In an effort to reduce the amount of unwanted digital messages that are sent to Canadians, a new law went into effect on July 1 that will impact how businesses execute their marketing campaigns that involve “commercial electronic messages” (CEMs). The law is referred to as the Canadian Anti-Spam Law (CASL) and according to a government website:
“CASL applies to emails, text messages, instant messages and any similar messages sent to electronic addresses. However, it does not apply to promotional information you post online in places like blogs or social media.”
It also does not always apply to charitable organizations (more on that in a bit). Anyone who makes use of CEMs, is involved with the alteration of transmission data, or produces or installs computer programs needs to be aware of this law. The foundation of the new law is based on the following three concepts:
- Consent from the recipient
- Identification by the sender
- Unsubscribe capacity
The issue of consent is a little tough to nail down if you ask me. The law requires either expressed or implied consent. While expressed consent is easy to understand, the law allows for verbal consent, so it may make it easier for companies to argue that consent was given verbally, so long as there are not too many complaints against a company where that is their defense.
As for implied consent, if you conspicuously advertise that if giving your email address to a company you are consenting to communication, you have met the criteria as required by CASL. If the recipient puts their email address on business cards or stationary where it is available to the public to see, that also satisfies CASL.
The last two types of implied consent deal with existing relationships between a company and a person. If the person already has a business/commercial relationship with the sender, that creates implied consent. So does an existing non-business relationship, such as volunteer work or donating a gift to a non-profit organization. There is a waiver in the law that exempts non-profit organizations so long as they are strictly asking for a donation. If they ask people to purchase something in the message, then CASL applies to that correspondence.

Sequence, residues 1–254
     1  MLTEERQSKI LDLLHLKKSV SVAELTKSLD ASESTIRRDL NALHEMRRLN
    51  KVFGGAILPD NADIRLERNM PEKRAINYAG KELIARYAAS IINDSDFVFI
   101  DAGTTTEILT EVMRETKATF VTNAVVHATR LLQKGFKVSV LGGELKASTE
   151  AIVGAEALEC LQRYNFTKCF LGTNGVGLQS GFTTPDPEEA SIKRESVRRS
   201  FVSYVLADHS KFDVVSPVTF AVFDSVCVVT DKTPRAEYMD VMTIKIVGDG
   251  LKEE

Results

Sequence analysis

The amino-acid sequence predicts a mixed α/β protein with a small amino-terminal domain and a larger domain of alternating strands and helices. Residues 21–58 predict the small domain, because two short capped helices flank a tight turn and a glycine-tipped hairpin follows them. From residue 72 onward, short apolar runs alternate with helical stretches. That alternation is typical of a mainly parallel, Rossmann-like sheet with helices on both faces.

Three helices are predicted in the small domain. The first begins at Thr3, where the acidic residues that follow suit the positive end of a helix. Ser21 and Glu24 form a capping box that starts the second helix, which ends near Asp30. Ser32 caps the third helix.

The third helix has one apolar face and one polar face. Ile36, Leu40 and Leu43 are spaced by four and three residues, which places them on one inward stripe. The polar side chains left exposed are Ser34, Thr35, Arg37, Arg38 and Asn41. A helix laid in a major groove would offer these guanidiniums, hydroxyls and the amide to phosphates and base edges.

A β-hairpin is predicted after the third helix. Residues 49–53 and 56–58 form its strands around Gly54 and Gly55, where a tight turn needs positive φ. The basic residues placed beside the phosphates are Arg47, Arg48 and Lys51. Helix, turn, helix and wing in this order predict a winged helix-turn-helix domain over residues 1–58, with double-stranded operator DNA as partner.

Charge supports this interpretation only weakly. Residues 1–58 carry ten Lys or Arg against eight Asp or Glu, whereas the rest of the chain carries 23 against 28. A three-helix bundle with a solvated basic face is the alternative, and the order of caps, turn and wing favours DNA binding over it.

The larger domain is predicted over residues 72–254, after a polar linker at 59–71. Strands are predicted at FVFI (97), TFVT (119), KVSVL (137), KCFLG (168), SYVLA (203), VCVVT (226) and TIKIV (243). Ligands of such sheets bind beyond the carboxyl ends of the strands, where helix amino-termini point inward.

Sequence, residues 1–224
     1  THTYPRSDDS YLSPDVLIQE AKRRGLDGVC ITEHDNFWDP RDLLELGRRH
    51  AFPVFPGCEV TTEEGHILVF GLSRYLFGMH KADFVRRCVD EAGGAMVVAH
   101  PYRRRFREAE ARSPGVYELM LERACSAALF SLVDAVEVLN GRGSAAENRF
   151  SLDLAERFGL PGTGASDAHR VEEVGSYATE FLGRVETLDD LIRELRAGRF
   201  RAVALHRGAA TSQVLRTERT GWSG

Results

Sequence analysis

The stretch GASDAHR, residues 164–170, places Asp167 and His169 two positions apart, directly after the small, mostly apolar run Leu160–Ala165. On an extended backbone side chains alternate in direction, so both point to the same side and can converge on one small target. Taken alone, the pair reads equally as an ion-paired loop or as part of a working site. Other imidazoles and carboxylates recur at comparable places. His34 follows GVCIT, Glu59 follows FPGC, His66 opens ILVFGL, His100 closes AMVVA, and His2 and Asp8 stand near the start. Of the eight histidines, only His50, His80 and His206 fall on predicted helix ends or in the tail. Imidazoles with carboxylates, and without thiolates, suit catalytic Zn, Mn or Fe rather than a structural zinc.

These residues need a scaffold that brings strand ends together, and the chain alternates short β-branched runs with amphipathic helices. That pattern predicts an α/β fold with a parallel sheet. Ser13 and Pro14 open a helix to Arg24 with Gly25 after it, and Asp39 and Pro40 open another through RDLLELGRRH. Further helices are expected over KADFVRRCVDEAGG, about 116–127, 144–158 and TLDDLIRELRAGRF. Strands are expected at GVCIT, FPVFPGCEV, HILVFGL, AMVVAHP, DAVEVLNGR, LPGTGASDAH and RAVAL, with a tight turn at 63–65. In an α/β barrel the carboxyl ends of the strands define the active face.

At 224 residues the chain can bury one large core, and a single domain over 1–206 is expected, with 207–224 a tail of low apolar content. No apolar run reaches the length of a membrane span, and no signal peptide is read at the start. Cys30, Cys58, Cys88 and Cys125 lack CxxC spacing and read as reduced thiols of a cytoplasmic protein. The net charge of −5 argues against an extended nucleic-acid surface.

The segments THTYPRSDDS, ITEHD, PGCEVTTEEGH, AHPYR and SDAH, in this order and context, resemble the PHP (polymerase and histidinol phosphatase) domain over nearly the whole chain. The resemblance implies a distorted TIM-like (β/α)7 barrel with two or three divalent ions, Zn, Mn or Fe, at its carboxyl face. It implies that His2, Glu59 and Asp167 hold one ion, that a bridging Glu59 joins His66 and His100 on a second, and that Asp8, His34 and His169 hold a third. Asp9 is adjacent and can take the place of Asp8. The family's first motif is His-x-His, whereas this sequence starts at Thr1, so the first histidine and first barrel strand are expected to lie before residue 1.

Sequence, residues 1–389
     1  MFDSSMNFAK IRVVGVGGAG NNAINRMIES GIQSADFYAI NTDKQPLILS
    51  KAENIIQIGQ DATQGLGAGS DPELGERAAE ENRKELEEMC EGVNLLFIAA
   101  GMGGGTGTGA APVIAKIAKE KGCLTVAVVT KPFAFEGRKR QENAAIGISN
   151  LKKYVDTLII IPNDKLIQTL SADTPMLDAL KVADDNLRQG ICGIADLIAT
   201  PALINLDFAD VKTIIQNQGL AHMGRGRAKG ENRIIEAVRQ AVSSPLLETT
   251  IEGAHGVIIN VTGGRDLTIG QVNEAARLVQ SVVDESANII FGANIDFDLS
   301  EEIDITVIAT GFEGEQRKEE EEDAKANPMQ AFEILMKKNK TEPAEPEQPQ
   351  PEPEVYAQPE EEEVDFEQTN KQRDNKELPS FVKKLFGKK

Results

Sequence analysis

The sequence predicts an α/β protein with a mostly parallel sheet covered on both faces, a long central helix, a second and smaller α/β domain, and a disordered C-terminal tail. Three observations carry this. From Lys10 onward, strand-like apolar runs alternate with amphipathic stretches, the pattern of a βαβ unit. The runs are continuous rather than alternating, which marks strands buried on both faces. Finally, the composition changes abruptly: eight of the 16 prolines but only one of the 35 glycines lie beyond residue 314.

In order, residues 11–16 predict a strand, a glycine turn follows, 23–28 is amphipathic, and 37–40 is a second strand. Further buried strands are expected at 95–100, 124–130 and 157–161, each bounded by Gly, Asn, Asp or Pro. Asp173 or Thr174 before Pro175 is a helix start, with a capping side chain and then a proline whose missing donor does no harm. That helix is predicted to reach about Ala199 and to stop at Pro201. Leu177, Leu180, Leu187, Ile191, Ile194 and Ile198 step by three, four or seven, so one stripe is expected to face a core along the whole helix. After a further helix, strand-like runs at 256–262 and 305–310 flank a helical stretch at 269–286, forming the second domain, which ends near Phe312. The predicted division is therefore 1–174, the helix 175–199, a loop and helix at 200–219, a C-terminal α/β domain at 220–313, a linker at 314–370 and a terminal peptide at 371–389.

To me, that does not mean that I’ve given consent, but it meets the law’s requirements. As is typical with laws of this nature, the responsibility is on the sender to make sure that they are in compliance. Anyone with any questions about it should visit this site.
As for identification from the sender, this would most likely be something that a company would do anyway, but now it’s a requirement. At the very least, it’s a “best practice” concept. The ability to unsubscribe is the final requirement. If you want some more best practices for email, follow this link.
While reviewing the law for work, I found only one real surprise. Many companies pre-check boxes and ask people to uncheck them if they do not wish to get emails from a company. The CASL prohibits this practice – all boxes must be empty to start, requiring the recipient to actively choose to receive a company’s CEMs.
Violation of the law comes with some pretty steep consequences. While the law reportedly comes with a 36 month transitional provision, once that is past, companies that violate the law could be required to pay fines of up to C$10 million. Individuals face fines of up to C$1 million.
Overall, this law is pretty similar to those that I have seen elsewhere, including the Controlling the Assault of Non-Solicited Pornography and Marketing Act of 2003 here in the U.S.A. My experience with how the Federal Trade Commission now tries to cope with unwanted CEMs is to try to educate the public on how to avoid opening CEMs that may have viruses, malware, etc.
It appears to me as though the FTC has essentially stopped trying to enforce the laws, especially since many of the offenders are based outside their jurisdiction. Can you say “Nigerian Lottery?” I expect that will be the case in Canada, too. I wish them better luck in handling the issue.